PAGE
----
Friday, July 23, 2010

Eight Uses for Google's Webmaster Tools

by Willy Gissen

A lot of people know about Google Analytics, but Google's other major web-site support program, Webmaster Tools, can be even more useful. Despite the intimidating name, Google's Webmaster Tools is a user-friendly program designed to look at your web site's structure and provide some actionable feedback to make major improvements.

Here are some of the ways it can be applied:

1) Evaluate your web site's loading time.


Loading time is one of the 200 signals Google uses to determine its search engine results. While not as important as quality content, the measurement should be checked to maximize your web site's performance. Generally, 2.0 seconds or less is optimal for e-commerce sites, while Google recommends an ideal value of 0.5 seconds.

After gaining access to Webmaster Tools -- you need to insert some code in your home page to verify you are the owner, as instructed when you sign in -- go to the Dashboard and click on Labs, then Site Performance.

2) Submit an XML sitemap.

Most experts recommend you create both an HTML and an XML sitemap for your web site to make it easier for the spiders to crawl and optimize your search engine ranking. You can download a free program to create an XML sitemap, but you need to go into Google Webmaster Tools to install it. Go to the Dashboard and click on Site Configuration, then Sitemaps.

3) Increase your inbound links.

Inbound links are an essential parameter Google uses to determine your search engine ranking.

Go to the diagnostics section of Webmaster Tools and click on crawl errors. By clicking on the tab "Not Found," you will see inbound links trying to access a URL that does not, or no longer, exists. Create an ".ht access" file on your root domain and forward these links to a currently existing URL by using a 301 redirect.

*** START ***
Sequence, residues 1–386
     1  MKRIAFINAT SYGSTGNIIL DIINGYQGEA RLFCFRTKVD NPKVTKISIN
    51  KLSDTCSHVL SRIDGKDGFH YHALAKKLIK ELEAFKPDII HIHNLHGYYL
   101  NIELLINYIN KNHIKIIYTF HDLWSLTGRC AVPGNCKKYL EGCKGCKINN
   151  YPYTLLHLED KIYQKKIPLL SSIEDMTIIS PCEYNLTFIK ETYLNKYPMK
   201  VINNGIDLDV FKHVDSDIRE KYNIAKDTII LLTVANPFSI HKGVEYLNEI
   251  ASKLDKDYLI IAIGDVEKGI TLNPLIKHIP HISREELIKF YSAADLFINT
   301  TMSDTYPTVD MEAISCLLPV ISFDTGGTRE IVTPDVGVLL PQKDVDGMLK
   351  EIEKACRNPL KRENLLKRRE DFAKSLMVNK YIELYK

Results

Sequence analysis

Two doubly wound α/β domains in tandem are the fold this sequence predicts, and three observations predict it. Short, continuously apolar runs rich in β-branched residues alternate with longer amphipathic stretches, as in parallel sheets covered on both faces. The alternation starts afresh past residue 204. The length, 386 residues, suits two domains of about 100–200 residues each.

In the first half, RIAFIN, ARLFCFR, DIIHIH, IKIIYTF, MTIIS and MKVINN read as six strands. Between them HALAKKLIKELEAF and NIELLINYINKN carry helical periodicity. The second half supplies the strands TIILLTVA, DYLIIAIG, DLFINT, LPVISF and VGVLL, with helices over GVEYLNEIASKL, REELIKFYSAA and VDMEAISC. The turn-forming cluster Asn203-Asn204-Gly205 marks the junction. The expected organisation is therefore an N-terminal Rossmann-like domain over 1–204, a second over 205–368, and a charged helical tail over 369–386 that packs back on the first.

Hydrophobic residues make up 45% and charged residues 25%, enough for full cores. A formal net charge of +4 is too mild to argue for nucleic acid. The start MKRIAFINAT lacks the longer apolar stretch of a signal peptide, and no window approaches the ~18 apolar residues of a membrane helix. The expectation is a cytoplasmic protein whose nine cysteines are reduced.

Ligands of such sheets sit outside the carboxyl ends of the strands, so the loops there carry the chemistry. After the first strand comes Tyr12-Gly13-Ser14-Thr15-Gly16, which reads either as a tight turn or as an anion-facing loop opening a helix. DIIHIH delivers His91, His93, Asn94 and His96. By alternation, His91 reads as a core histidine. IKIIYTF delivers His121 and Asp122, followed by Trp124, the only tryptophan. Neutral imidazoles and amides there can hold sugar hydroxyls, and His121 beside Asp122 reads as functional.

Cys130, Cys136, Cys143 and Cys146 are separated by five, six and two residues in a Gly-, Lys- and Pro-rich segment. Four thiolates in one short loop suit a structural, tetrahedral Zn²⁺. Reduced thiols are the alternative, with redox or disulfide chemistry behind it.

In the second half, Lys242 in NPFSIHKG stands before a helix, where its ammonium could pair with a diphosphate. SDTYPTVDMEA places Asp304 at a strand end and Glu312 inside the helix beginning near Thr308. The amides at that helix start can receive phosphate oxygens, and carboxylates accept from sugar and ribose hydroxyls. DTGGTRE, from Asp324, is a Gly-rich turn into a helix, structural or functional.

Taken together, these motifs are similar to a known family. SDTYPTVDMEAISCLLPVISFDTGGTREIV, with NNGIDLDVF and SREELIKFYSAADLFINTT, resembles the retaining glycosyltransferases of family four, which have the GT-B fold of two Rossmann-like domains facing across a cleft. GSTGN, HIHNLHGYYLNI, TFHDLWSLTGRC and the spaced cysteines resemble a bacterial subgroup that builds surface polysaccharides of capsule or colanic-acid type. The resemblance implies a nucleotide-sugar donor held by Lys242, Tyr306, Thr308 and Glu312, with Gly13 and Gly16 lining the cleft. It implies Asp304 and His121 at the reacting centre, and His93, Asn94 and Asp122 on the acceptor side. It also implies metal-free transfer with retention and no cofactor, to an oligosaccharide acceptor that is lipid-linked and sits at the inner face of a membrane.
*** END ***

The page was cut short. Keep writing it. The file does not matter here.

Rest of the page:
Search for "creating an .ht access file" and "301 redirect" for further instructions.

4) Check your site's meta tags.

Meta tags provide essential information to Google spiders about the content of your site and what words will return a high ranking. These include title tags and meta descriptions. Title tags appear on the top blue bar of each page, and meta descriptions appear under your company's link on the search engine results pages (SERPs). Each page on your web site should have its own unique title tag and meta description.

Go to Diagnostics, HTML Suggestions in Webmaster Tools to evaluate your meta descriptions and title tags.

5) Evaluate your deep links.

On the landing page of your Google Webmaster Tools' dashboard, you will see a section titled "Links to Your Site." It will give the total number of your links in the headline and the locations being linked to underneath. This item is very useful for evaluating "deep links," inbound links to any page other than your home page. Google considers deep links an indication of a web site's value, and you should always try to increase their percentage.

6) Create a robots.txt file.

There are some files you do not want spiders to crawl, such as the RSS feed of your blog, if it resides on your web site. Creating a robots. txt file tells Google's spiders what URLs you do not want them to crawl. It is simply a text (Notepad) file titled robots.txt that resides in your root directory.

Google's Webmaster Tools automatically generates coding for this file if you go to Crawler Access in the Site Configuration section and click on the "Generate robots.txt" tab. The program instructions are self-explanatory.

7) Change your Google settings.

While most of these parameters should remain as the default setting, you may wish to review the geographic target for your web site, preferred domain and crawl rate.

8) Check your web site activity and interaction with spiders.

Google Webmaster Tools provides graphs showing your Crawl Stats (Diagnostics section), Search Queries (Your Site on the Web section) and other parameters. It's a good idea to review them periodically to ensure your site is performing properly.

About the Author

Willy Gissen founded Cut-It-Out Communications, Inc., a full-service public relations firm based in Hartsdale, NY, in 2003. See his related essays at public relations review and his blog at NYT analysis.